New algorithms help with anesthesia

Anesthetic drugs affect the brain. But to tell if a patient will remain unconscious during surgery, most anesthesiologists rely on heart rate, breathing rate and movement. Algorithms could improve this process.

Algorithms could make anesthesiologists' jobs easier

In a new study, a team of researchers from MIT and Massachusetts General Hospital shows that artificial intelligence can assess patient unconsciousness based on brain activity with high accuracy and reliability. That could help anesthesiologists optimize drug doses in the future.

"One of the things anesthesiologists are most concerned about is 'Is there someone in front of me who may be conscious and I don't realize it?' Being able to reliably maintain a patient's unconsciousness during surgery is fundamental to our work," the study authors write. The new algorithms not only provide a good indication of unconsciousness, they say, but also have the potential to allow anesthesiologists to maintain it at the desired level while using less medication. This can improve the patient's postoperative state, such as delirium.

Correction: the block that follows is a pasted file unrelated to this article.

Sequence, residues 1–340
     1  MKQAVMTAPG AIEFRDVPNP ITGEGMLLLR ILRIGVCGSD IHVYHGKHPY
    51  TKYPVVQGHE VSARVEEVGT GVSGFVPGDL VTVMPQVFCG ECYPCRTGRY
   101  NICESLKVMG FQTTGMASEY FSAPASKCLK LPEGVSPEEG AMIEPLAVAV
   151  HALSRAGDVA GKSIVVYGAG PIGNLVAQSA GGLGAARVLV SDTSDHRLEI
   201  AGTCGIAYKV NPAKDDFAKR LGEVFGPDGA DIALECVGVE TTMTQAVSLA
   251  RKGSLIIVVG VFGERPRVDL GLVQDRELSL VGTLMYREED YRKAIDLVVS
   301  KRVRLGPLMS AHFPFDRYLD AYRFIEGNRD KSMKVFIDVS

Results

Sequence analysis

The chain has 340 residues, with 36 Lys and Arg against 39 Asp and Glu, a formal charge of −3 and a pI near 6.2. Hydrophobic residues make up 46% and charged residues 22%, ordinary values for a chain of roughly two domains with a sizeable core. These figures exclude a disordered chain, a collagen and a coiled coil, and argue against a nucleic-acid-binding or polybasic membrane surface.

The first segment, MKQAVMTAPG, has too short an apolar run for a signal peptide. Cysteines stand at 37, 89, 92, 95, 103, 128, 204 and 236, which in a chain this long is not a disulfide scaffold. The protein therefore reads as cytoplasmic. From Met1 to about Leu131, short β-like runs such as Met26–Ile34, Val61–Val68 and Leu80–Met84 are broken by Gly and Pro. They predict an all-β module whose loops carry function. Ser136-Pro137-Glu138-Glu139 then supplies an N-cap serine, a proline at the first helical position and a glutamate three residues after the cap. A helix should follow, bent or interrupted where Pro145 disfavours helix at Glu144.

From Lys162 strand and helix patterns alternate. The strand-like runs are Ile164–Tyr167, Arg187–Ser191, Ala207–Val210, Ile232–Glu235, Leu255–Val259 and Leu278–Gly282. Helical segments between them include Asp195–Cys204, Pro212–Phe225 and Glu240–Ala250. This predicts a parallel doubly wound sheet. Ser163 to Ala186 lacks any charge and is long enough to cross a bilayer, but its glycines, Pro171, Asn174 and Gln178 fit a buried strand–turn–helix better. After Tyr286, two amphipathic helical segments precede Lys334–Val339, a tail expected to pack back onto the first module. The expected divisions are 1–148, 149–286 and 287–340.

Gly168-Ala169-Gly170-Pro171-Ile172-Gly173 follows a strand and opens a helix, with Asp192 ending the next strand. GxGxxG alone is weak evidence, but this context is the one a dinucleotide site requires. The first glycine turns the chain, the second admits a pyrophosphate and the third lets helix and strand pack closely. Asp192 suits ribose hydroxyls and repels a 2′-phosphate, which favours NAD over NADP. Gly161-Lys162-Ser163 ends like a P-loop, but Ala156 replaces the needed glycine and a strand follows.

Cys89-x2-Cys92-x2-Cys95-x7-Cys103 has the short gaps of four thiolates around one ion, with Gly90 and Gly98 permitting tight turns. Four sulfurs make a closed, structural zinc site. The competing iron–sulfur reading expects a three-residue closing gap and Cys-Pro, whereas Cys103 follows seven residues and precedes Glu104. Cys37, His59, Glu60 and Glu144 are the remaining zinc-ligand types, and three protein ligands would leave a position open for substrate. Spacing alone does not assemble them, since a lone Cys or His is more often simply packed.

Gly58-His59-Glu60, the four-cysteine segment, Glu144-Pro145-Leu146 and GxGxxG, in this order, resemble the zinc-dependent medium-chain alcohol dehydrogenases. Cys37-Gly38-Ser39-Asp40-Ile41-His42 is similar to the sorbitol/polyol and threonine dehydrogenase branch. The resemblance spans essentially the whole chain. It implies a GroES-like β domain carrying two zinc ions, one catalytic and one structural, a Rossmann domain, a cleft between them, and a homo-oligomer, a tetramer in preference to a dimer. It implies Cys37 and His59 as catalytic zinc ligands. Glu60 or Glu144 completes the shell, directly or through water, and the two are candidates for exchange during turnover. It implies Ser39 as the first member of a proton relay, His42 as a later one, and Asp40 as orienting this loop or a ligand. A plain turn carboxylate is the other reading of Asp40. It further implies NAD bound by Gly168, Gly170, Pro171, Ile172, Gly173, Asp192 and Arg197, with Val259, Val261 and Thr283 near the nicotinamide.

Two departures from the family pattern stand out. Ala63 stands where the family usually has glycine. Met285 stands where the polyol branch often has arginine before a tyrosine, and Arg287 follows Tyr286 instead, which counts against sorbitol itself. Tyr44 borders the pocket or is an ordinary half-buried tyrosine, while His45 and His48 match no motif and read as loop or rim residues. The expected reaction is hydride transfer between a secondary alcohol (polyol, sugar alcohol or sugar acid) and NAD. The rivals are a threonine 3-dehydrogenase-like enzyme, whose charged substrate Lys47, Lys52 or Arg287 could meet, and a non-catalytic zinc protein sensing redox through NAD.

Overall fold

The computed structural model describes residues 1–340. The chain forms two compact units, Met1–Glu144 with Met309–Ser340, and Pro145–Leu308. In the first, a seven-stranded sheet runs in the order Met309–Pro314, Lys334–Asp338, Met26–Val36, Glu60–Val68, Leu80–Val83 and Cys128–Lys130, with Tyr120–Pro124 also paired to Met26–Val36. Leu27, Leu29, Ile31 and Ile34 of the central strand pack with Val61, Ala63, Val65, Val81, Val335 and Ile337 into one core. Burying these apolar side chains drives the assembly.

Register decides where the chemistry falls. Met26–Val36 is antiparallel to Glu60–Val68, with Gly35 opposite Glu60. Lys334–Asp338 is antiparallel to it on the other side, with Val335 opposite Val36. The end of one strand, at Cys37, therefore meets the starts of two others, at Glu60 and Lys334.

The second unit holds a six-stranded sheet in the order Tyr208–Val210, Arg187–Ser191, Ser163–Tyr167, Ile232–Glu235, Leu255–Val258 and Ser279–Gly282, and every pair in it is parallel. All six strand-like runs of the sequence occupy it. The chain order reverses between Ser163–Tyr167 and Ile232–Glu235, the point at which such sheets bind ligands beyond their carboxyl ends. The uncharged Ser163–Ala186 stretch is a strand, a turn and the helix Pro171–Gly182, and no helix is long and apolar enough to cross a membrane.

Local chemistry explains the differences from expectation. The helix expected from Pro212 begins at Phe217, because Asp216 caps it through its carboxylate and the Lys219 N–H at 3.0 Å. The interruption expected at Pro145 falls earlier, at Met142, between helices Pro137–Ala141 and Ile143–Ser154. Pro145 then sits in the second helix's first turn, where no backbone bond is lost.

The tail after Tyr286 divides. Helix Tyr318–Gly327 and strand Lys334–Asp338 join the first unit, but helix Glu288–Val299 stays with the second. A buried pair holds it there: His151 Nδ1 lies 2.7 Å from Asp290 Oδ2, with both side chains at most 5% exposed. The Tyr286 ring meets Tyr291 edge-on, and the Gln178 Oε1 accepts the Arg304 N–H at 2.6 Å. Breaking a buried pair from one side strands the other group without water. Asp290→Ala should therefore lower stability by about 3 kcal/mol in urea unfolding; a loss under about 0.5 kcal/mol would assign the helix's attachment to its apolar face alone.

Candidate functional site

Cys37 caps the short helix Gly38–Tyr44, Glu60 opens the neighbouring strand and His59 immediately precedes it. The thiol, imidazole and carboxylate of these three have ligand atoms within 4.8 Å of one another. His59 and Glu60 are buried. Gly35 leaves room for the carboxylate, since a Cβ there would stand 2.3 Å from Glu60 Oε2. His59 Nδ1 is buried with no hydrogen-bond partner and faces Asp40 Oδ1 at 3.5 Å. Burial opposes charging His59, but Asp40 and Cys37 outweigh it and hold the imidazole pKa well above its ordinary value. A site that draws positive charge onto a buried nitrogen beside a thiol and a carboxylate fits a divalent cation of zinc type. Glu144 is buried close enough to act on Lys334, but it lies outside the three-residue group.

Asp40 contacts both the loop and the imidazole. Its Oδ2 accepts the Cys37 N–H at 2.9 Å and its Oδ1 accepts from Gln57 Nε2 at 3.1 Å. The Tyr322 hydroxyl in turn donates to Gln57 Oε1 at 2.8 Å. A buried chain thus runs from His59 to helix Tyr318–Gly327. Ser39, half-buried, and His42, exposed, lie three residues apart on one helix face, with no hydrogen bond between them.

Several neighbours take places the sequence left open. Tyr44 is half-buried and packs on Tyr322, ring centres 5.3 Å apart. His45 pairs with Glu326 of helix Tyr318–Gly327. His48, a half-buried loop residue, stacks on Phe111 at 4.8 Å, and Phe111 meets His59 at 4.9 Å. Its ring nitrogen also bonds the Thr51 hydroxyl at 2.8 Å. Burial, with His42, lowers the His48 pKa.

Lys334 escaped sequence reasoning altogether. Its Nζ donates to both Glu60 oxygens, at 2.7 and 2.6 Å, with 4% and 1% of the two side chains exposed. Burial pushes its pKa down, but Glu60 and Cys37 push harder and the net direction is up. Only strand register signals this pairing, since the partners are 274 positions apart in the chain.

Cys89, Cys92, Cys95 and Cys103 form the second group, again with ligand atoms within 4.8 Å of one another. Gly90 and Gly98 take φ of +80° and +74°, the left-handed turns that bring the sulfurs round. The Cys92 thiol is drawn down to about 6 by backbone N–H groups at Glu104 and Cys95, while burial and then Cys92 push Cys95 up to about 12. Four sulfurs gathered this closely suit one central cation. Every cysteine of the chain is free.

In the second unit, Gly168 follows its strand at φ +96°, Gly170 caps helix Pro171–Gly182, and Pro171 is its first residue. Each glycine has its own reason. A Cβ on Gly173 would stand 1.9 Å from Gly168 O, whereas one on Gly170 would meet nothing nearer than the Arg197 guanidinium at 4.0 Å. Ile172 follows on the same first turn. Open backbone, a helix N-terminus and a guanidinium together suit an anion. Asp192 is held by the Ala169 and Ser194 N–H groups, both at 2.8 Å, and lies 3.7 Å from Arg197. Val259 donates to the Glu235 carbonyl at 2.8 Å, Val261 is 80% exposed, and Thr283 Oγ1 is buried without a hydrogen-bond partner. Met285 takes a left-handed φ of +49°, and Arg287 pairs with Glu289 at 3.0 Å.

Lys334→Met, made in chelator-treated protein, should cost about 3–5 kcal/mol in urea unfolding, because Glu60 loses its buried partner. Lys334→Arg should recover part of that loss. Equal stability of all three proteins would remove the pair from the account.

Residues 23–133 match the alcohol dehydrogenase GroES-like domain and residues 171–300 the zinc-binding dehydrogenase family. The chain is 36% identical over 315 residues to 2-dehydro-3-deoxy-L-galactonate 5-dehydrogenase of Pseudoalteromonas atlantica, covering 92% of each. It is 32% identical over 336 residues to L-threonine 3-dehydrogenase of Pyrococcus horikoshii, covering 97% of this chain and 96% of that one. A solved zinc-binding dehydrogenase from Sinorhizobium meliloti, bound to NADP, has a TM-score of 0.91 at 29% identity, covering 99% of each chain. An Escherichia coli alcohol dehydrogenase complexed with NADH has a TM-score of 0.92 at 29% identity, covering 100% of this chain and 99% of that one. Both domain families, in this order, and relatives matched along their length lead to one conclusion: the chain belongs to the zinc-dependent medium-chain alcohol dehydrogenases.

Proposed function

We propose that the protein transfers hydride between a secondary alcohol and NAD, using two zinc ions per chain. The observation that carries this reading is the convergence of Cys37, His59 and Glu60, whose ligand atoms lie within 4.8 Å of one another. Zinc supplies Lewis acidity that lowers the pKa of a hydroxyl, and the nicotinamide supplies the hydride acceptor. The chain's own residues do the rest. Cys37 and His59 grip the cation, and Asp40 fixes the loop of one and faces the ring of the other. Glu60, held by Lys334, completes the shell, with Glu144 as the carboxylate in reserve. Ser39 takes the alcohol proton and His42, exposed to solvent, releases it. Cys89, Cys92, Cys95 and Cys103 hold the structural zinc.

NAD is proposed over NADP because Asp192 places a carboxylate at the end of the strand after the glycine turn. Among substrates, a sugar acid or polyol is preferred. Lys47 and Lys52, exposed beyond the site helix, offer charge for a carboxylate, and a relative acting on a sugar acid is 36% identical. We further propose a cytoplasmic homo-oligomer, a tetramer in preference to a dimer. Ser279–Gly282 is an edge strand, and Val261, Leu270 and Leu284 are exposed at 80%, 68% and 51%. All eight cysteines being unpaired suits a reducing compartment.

In addition, the algorithms can be trained to be specifically suitable for use with children and seniors. Different types of drugs with different mechanisms of action can also be considered.

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